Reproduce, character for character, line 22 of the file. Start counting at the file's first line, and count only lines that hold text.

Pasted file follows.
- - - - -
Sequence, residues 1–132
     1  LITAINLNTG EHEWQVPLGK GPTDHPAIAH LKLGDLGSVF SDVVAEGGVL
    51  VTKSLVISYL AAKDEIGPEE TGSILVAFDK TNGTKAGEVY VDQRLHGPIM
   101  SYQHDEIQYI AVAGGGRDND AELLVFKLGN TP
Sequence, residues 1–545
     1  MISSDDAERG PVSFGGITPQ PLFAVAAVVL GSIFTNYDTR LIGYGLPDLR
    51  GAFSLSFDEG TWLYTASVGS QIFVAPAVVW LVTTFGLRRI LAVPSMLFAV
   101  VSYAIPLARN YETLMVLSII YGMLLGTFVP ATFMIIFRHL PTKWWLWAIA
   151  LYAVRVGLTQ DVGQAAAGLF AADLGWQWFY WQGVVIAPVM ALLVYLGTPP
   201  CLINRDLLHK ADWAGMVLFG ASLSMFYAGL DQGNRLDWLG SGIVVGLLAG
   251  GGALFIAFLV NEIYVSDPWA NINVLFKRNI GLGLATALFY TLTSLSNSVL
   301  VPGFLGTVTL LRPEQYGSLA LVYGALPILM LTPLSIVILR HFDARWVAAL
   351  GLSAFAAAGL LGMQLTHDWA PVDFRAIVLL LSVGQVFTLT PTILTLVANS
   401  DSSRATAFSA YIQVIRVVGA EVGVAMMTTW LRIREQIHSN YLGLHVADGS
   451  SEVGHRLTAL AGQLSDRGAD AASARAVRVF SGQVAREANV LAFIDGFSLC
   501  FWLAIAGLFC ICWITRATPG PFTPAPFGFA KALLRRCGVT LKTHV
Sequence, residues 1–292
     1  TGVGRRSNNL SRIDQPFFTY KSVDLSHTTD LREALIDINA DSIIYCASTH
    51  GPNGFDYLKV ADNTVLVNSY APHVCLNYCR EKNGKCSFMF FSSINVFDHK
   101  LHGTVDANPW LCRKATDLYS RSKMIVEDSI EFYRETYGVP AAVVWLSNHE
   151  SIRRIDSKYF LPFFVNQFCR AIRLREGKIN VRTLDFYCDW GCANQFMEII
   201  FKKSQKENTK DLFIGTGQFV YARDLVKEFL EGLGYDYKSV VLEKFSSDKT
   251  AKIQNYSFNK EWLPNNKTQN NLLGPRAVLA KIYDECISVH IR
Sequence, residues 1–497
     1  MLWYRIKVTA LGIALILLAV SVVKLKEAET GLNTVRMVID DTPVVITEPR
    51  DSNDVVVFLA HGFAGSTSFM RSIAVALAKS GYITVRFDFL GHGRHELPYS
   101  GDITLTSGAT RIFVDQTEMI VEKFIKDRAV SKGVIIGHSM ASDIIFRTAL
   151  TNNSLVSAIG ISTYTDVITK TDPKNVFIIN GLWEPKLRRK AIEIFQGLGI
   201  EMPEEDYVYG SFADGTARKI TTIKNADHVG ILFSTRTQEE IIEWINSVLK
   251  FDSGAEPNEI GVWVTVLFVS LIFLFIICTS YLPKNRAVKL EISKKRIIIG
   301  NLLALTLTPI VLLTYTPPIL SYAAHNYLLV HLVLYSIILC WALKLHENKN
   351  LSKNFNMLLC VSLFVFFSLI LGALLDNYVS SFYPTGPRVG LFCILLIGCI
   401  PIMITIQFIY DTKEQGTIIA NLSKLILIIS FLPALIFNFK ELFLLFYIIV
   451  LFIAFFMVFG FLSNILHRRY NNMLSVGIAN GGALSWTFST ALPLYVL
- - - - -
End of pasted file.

   201  FKKSQKENTK DLFIGTGQFV YARDLVKEFL EGLGYDYKSV VLEKFSSDKT